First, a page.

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VII.—Note on an Inscription found near the Kesariah Mound, in Tirhzit. By J. B. ELLIOTT, Esq. (Pl. XVII. fig. 6.)
[In a note to the Editor.]
Having seen mention of the Kesariah Mound made in the last No. of your Journal, I beg to enclose the impression of an inscription cut below the figures of the Avatdrs, sculptured on a black stone, which I obtained at Kesariah several years ago from a fakir. The figures being small and rudely sculptured, it is not worth while making a copy of them-; but as the inscription could not be made out by the Pandit of the Chapréh Committee, it may be worth deciphering. I visited and made some notes on the subject of the pillars, and other antiquities in Champaran, which I may, perhaps, hereafter communicate.
Note.--This fragment, which is Brahmanical, not Buddhist, is in an ancient form of Dévanagari, diifering little from that noticed on the Bakra image of Mr. Swnrnnusou. It breaks ofl’ abruptly with an initial 1' :-—for it is only to lrfrtlir iha that any meaning can be traced : while the diphthong 111' or e’ is plain over the last letter, which I conclude to be an In. The reading in modern Dévanagari will be as follows: I have added a literal Latin version.
The interpretation of which in English will be :" The ever-living CHANDBADATTA was born on the Sunday appropriated to the reading of the Sukta by his father SWRYADATTA. Glory
here. . . . . . . (The Siikta is the most sacred hymn of the Rig Veda, closing its 3rd Ashtaka or Ogdoad—and has for one of its verses the celebrated Gfiyatri.)
[N0'rn.-I take this opportunity of pointing out, in reference to my observation on the Bakra image inscription; (page 131,) that I had overlooked in plate in FnANK1.m’s Palibothra, of a Buddhist image, with an inscription, to which Lient. Cunnmonsm has since drawn my attention. On turning to it, I perceive, that the two lines separately given are, though miserably perverted by the copyist, precisely the same as the ye dllarmmri hétun, &c. of Sairnfith. The three lines on the pedestal, though stated in the text to be different, would appear to be the same also ; at least the two first words, ye dharmmzi, are distinct.-—J. P.]
VllI.-—-Proceedings of the Asiatic Society.
Wednesday Evening, the 8rd June, 1835.
The Honorable Sir Enwsnn Russ, President, in the chair.
Read the proceedings of the last meeting.
vnnvsn, was duly elected a member.
Mr. J. P. GRANT was proposed by Mr. TREVELYAN, seconded by Mr. J. Convm. Mr. Wm. ADAM, proposed by Capt. Forums, seconded byMr. Hams. Mr. VVM. HY. BENSON, proposed by Dr. Minn, seconded by Mr. Pnnvsnp.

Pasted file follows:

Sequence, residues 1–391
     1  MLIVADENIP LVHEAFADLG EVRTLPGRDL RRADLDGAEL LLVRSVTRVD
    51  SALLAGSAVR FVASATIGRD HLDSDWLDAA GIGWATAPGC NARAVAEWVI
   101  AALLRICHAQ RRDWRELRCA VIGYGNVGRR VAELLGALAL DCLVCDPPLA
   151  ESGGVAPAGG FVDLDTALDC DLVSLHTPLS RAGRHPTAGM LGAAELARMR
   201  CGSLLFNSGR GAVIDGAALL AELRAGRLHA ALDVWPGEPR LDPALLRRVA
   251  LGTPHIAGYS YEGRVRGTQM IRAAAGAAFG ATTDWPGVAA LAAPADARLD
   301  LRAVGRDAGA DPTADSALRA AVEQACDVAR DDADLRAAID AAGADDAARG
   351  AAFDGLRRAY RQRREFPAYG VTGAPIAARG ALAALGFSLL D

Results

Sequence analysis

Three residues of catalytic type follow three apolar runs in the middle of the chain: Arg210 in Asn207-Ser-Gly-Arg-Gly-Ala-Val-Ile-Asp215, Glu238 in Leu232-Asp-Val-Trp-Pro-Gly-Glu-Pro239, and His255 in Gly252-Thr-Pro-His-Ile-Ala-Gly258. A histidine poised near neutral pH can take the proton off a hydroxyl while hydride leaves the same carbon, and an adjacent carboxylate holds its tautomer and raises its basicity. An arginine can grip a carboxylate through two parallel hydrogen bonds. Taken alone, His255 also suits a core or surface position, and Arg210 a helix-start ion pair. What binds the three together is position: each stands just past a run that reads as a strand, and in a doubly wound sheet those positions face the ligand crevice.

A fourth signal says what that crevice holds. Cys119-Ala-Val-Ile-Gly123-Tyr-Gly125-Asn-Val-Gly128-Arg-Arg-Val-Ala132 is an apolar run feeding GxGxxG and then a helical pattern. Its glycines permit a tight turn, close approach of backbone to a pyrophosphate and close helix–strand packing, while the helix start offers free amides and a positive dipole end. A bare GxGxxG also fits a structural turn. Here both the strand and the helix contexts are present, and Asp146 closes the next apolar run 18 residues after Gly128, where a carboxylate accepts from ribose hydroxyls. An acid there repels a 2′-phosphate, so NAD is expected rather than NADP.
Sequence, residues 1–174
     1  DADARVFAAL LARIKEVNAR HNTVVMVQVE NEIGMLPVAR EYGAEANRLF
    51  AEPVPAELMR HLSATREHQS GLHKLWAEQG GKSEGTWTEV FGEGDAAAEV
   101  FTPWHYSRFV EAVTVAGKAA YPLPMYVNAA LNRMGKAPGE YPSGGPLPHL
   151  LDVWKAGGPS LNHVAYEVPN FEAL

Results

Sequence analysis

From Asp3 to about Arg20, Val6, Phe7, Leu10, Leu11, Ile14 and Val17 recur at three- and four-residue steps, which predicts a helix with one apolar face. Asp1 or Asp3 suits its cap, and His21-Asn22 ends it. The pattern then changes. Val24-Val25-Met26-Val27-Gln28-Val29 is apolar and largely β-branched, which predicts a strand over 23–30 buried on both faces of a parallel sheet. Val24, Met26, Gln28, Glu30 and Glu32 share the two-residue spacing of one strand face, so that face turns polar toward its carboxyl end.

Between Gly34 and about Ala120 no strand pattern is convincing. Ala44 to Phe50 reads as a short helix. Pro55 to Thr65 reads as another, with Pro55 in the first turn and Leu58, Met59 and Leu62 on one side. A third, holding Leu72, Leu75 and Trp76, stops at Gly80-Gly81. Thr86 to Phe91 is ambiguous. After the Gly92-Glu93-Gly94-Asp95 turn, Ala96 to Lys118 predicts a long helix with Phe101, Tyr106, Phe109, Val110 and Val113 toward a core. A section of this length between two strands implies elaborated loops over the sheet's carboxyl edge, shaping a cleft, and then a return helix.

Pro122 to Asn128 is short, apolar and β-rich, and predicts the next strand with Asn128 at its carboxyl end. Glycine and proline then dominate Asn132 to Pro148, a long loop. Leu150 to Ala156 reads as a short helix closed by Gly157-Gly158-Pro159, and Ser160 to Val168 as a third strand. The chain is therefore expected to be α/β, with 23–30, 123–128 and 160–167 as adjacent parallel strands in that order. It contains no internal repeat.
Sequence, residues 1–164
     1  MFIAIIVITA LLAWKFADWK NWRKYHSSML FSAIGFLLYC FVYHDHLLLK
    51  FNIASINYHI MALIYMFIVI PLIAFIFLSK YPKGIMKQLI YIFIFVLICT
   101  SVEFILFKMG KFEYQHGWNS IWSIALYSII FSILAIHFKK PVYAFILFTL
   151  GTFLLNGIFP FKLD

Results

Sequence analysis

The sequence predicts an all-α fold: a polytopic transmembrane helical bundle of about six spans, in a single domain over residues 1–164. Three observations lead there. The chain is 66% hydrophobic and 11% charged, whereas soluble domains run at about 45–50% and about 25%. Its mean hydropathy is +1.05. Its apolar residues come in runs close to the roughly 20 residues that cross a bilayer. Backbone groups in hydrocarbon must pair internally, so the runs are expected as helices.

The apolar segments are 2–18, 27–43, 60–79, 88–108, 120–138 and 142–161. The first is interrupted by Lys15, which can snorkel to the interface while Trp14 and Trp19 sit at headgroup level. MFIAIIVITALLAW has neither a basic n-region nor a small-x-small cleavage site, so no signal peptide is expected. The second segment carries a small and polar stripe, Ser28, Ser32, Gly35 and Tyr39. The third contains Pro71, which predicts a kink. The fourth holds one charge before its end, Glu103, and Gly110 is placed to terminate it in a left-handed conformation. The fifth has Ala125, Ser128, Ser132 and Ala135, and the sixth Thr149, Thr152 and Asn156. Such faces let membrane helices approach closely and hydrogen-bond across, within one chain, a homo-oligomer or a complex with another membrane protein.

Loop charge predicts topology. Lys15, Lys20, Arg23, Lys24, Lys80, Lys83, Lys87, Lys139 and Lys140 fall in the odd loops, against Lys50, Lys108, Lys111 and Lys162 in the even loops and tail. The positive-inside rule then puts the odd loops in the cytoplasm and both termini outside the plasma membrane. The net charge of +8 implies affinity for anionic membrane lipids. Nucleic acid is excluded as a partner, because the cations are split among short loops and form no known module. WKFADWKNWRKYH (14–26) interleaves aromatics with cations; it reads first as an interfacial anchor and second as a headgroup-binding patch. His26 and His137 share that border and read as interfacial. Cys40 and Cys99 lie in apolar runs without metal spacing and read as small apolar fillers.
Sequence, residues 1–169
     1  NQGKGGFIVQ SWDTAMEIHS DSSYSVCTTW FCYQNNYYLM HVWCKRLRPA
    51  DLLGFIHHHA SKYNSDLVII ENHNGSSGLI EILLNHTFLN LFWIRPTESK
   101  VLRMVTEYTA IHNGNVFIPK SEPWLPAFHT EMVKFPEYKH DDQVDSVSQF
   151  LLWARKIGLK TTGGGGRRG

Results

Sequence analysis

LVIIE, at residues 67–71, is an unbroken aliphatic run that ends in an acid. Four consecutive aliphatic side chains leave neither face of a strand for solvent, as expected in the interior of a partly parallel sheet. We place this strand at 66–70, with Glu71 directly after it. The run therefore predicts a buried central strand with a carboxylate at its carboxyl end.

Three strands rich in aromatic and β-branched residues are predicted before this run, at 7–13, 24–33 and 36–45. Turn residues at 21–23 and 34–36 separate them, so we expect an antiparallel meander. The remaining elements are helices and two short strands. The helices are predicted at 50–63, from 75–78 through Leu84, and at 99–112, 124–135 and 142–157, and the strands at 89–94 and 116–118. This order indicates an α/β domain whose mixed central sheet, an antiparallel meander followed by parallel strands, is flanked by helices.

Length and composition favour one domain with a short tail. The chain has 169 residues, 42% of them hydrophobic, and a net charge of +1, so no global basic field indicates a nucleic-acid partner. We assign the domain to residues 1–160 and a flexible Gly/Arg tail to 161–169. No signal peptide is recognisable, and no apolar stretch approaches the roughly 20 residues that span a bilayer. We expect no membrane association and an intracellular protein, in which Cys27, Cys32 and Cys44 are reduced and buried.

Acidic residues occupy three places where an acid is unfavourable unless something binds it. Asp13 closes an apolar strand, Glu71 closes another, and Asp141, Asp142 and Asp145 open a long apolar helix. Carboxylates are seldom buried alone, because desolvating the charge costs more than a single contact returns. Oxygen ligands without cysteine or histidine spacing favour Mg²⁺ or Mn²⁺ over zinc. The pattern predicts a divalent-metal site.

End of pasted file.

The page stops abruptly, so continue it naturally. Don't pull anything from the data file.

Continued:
Captain TAYLOR, Madras Cav. proposed by Mr. MAGNAGHTEN, seconded by Sir E. RYAN
Dr. Evans, Mr. Pnnvnn, 7th Regt. Bengal N’. I., Mr. Srocounmm, and Lieut. MONTRIOU, Ind. N. were proposed by Dr. Pr-mason, and seconded
by Mr. J. PRINSEP.
The Secretary brought up the following:
Report of the Committee of Papers on Mr. J. T. PE.\R.SON'S proposition for creating a new order of Members, to be denominated “Associate Members of the Asiatic Society."
1. “ We consider Dr. Pnaasorfs proposition for creating Associate Members to be worthy of adoption by the Society, and we would propose that they should enjoy all the privileges of ordinary members; but we would suggest, that by way of maintaining more than the mere distinction of name between the Associate and the Honorary Members, some contribution, however trifling, should be required from the former class. The Associates, it may be presumed, would be composed of men, whose reputation would not be sufficiently brilliant to admit of their being classed among our Honorary Members. They would, in all probability, did their circumstances admit, become ordinary paying members, and the principle upon which the present proposition rests, is, that the Society desirous of removing this obstruction, and encouraging their labours, is willing to admit them on a less expensive footing: at the same time, requiring a moderate contribution to distinguish them from those eminent men, whom it considers an honor to itself, to enrol in its list of members.
2. “ Under the above considerations, we concurin recommending that the annual payment of Associate Members be fixed at four rupees. Their election to proceed in the mode prescribed for honorary members, that is, to be previously sub